with active tails like porcupines, beavers and whales require more
specialized muscles to operate them. The tail muscles help to produce
the downward motions and attach to special v-shaped bones called
chevrons that are located under the tail vertebrae.
The skeleton is being rearticulated in 5 main sections so that it
can be transported more easily and fit through the doors of the
new visitor center, about a half-mile away. When the new building
is completed in September, the whale skeleton sections will be moved
in one by one. The main body and the skull will be wheeled in on
their own carts, the 8-foot tail section, the two flippers and the
ribs will all be carried in separately. Once all inside, they will
be assembled for the first time and hung up in their permanent location
from the ceiling of the second story as a complete and magnificent
gray whale skeleton for all to admire.
April 2007 -
More Bone Work!
Lee Post arrived for our final 2-week, marathon bone blitz. Each
time he came to Kodiak he rode the ferry from Homer and brought
his truck full of tools and materials. During this time period,
master welder Stan Wolrich helped us design and fabricate more custom
metal parts for the skeletal support system. Each whale is different
so each support system, involving many metal pieces, has to be custom
Since we had the ribs already placed and positioned with our wooden
spacers, we started with the design and fabrication of the metal
rib cage support. We bent strips of metal that fit inside the ribs
and welded them to 2 metal rods that were welded to two metal bars
attached to the spinal pipe between the vertebrae.
the rib cage frame was made and installed, we primed and painted
it a nice gray color. Then we attached the ribs to it with bolts.
The ribs were also pinned into their respective vertebrae. Since
the body with the ribs is too wide to squeeze through the doors
of the new visitor center, we planned the rib attachment so that
we could easily remove and replace them when the time came to move
the skeleton into the new building.
correct placement of the scapulas was the next challenge. Once bolted
in place to the ribs, we could then decide on the position of the
flippers. First we attached the humerus of each flipper to its corresponding
socket on the scapula. Each flipper has its own metal bracket that
will attach to a cable running up to the ceiling. That way we have
more flexibility in choosing the best position for each one once
the skeleton is suspended from the ceiling in the new building.
we focused on the skull, which weighs about 250 pounds and the jaws,
about 80 pounds each. We planned to hang the skull and jaws as one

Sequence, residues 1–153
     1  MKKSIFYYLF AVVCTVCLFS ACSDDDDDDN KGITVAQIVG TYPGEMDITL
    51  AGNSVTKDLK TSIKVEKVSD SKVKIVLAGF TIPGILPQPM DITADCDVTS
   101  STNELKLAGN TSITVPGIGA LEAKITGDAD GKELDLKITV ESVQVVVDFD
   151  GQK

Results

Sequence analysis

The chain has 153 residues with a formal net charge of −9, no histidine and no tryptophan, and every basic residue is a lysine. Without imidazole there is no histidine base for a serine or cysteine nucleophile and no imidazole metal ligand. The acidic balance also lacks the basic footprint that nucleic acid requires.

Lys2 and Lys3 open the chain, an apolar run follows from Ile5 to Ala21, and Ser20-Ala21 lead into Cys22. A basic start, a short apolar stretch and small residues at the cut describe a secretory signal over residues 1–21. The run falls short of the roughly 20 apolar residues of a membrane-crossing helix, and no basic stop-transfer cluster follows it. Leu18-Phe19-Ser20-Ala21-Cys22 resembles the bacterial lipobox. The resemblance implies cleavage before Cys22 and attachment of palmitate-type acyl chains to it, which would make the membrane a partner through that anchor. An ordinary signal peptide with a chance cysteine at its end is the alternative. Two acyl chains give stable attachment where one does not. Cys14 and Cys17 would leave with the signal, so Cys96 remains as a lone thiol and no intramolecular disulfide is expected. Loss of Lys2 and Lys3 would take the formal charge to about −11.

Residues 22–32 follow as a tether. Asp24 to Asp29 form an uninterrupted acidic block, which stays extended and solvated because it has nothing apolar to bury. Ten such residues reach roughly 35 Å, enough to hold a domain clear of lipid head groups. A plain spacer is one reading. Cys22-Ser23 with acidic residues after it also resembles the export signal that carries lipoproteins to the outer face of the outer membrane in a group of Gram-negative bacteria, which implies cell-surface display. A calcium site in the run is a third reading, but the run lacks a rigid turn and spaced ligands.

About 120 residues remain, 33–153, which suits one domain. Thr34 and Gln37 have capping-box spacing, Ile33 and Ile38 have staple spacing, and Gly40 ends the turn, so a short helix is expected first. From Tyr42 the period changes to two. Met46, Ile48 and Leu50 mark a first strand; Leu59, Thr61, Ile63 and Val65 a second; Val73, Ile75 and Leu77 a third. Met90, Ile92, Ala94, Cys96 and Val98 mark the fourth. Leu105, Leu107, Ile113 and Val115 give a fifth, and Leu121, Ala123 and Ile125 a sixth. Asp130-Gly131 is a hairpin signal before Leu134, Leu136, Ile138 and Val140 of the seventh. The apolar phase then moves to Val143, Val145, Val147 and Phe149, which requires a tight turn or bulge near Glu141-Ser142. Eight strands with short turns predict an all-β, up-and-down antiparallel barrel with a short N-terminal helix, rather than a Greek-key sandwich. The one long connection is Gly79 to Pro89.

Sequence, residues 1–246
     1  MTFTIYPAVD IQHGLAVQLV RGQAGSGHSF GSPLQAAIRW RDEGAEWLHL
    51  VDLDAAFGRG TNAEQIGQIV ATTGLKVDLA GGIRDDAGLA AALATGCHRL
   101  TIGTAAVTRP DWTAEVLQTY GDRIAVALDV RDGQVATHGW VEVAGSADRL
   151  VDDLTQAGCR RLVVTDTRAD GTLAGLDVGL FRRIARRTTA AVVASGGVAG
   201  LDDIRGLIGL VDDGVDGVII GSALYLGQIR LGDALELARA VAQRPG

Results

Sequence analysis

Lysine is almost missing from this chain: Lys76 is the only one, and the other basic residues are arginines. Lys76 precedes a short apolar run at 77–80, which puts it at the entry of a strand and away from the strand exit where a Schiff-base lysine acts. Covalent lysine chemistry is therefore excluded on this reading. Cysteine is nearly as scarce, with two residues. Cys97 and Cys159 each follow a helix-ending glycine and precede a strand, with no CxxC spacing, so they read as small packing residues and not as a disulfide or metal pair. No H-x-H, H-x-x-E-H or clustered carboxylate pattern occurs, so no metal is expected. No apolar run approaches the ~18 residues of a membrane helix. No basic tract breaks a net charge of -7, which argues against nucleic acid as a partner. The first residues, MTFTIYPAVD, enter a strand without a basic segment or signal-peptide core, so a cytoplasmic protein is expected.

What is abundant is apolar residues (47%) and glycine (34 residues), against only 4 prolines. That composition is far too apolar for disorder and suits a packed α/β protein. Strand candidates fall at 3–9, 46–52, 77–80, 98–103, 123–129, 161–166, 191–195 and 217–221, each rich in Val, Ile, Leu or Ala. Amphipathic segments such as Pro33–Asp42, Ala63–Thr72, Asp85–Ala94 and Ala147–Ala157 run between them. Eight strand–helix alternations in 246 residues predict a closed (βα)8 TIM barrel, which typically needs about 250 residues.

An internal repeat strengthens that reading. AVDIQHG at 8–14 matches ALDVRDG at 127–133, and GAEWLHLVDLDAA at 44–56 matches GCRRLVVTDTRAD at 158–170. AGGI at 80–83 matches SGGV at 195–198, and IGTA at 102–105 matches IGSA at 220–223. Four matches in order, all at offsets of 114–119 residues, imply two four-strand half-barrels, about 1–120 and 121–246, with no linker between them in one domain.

unit from 3 places. Two huge eyebolts were screwed into the sides
at the base of the skull, epoxied, and bolted in place from inside
the cranium. Cables attached to the eyebolts will be joined at the
top of the skull and extend to the ceiling as one.
The seven cervical vertebrae were attached to the base of the skull
with another steel pipe that will slide into the 2" body pipe
and be bolted into place.
We then had to figure out how to attach the huge, 80-pound jaws
to their sockets. One large eyebolt was screwed into each socket
and another to the end of each jaw. Where they overlapped, we bolted
them together. This allows some space in the joint as well as some
movement while we fiddled around with the rest of the skull support
of the greatest challenges of this part of the project was figuring
out how to support the jaws adequately in the correct position so
that we could support both of them and the heavy, central part of
the skull while suspending them from the ceiling. To figure out
the right design, we first needed to turn the skull over so we could
work on it. While upside down, we also figured out the position
of the 2 ear bones and the 3 hyoid bones.
the earthquake history of our area, we were always thinking of worst-case
scenarios, which in my mind was a big enough quake to shake the
building and get the skeleton swinging! We had to design all the
support apparatus with this in mind so that all the bones would
stay together in such an event, sway minimally as one unit and not
fall on anybody! We could have designed something really strong
and really ugly but we rose to the challenge of figuring out how
to accomplish this with the least amount of metal showing. Our final
solution involved two fabricated pieces that were held together
with one huge custom-made eyebolt that runs upward through the blowholes.
Our last concern was stabilizing the bones of the rostrum so we
used epoxy and at the tip, we also bolted them together and attached
a small eyebolt where the cable will be attached.
By April 14th, we completed all the bone work we could do until
the new visitor center was finished in September. At that time,
we'll move the pieces of the skeleton in, put them together and
hang the entire skeleton from the ceiling.
the next phase of the Kodiak Gray Whale Project kicked in - Bare
Bones Education. Stacy gave educational tours to many school children
and various other groups. All were awed and some greatly inspired
by the enormous size of the whale.